To show their gratitude for years of support, San Francisco Greek Film Festival organizers are offering their 17th virtual lineup for free. The annual celebration kicks off Saturday when you can start streaming all features, documentaries and shorts. It ends Oct. 10.

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Should you be interested in venturing out for a special Sunday drive-in screening of the comic crime caper “Tokapi,” Jules Dassin’s breezy 1964 confection starring Melina Mercouri, Robert Morley and Maximilian Schell, get ready to shell out $30 per vehicle. Doors open at  6 p.m. at San Mateo’s Par 3 at Poplar Creek, 1700 Coyote Point Drive. The film starts at 7 p.m. More info:

Here are five features from the virtual program to put on the must-see list.

The film “Entwined” channels Greek mythology. (Image courtesy of San Francisco Greek Film Festival)

“Entwined”: A doctor who’s devoted to science lands a job in a small Greek town filled with rustic residents skeptical of city folk. The doc, played by Prometheus Aleifer, soon falls under the spell of a mystical woman (Anastasia Rafaella Konidi) from deep in the woods, a sensual entity with a unique skin condition and an old lover. Soon the two become lovers and their opposites-attract worlds become intertwined. Director Minos Nikolakakis takes full advantage of Mother Nature for a genre bouncer that mixes in Greek mythology along with a debate on accepting both science and the supernatural. Trailer:

Katia Goulioni is mesmerizing as Greek poet and lyricist Eftihia Papagianopoulou in “My Name is Eftihia.” (Image courtesy of San Francisco Greek Film Festival)

“My Name is Eftihia” (also known as “Eftyhia”): Passionate and sprawling, funny and tragic, and above all else, endlessly entertaining, this well-acted biopic on the indomitable Greek poet and lyricist Eftihia Papagianopoulou will give you the good cry you’ve been after. Katia Goulioni and Karyofyllia Karabeti share the honors of playing the ahead-of-her-times icon who ditched a wealthy husband to strike out on her own. Angelos Frantzis stocks up on handsome production values and allows for time to carve out for each of the secondary characters — including Efiihia’s lifelong friend and gay manny, played by scene-stealer Thanos Tokakis. It was a huge hit and award winner in Greece. Trailer:

“The Siege on Liperti Street,” which stars Constantine Markoulakis and Daphne Alexander, has nabbed numerous awards. It deserves them. (Image courtesy of Tanweer)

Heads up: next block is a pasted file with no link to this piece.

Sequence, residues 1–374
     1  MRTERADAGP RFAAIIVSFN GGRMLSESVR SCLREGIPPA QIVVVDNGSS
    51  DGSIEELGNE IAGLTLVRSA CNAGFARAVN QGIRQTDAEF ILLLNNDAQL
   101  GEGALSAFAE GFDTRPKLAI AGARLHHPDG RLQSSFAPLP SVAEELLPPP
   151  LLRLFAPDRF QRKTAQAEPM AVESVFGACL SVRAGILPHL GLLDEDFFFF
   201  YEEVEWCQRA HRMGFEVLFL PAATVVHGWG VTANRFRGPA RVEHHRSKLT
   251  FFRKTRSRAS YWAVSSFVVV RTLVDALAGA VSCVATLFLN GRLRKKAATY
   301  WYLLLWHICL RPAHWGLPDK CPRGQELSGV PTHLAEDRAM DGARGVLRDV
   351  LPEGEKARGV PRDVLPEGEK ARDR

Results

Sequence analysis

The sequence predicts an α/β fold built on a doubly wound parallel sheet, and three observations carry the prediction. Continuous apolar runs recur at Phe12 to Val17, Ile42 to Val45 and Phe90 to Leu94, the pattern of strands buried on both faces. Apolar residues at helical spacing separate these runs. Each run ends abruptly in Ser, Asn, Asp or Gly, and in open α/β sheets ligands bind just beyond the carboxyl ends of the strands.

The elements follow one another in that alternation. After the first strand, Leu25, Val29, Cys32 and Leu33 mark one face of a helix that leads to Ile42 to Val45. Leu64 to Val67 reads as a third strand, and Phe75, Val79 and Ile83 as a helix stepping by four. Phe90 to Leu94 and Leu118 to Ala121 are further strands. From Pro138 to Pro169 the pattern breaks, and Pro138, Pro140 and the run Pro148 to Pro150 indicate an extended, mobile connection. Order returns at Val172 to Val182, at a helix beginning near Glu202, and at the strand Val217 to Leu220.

“Siege on Liperti Street”: Stavros Pamballis’ taut nerve-racker is as lean and efficient as it is political and outraged. During Cyrus’ economic and political crisis, a young couple (Constantine Markoulakis and Daphne Alexander) and their children get caught in the crosshairs when their house is threatened to be taken from them. A fatal accident thrusts both into a volatile standoff with both Turkish and Cyprus officials. Pamballis avoids the sentimental as he details the human factor that too often headlines and broken-down political talks fail to capture. Trailer:

After receiving a devastating health diagnosis, Maria (Emma Suárez) journeys to a remote Greek island where the unexpected happens in “Window to the Sea.” (Image courtesy of Heretic)

“Window to the Sea”: Spanish actress Emma Suárez gives one of the best, most introspective  performances of the year as Maria, a mother and grandmother presented with the terrible diagnosis that she has colon cancer. Presented with stifling options — such as living with her son and his family — in her ensuing days, she continues on with plans for a Greek vacation with her gregarious girlfriends. But the allure of the islands and a friendship with a emotionally wounded fisherman (Akilas Karazisis, also seen in “Siege”) lead her on a path of fulfillment. Madrid filmmaker Miguel Ángel Jiménez hands the film to Suárez, who is such an aware actress that the look on her face reveals more than words do. Trailer:

“When Tomatoes Met Wagner” follows a tight-knit Greek family of farmers as they adhere to tradition and principles. (Image courtesy of San Francisco Greek Film Festival)

“When Tomatoes Met Wagner”: How can a film live up to a title like that? Marianna Economou’s winsome documentary does. It peers into the quaint life of a Greek farming family familiar for their organic, old-school-style tomato lunches in a jar. To say they put love into their sauce would be insufficient since they take great care with their tomatoes (yes, playing Wagner). Economou’s film is a sneaky one, seemingly a simple charmer, but there’s much more astew here as she makes a lovely claim that happiness and traditions are preferential over greed and corporations. Trailer:

* For a full list of films, visit: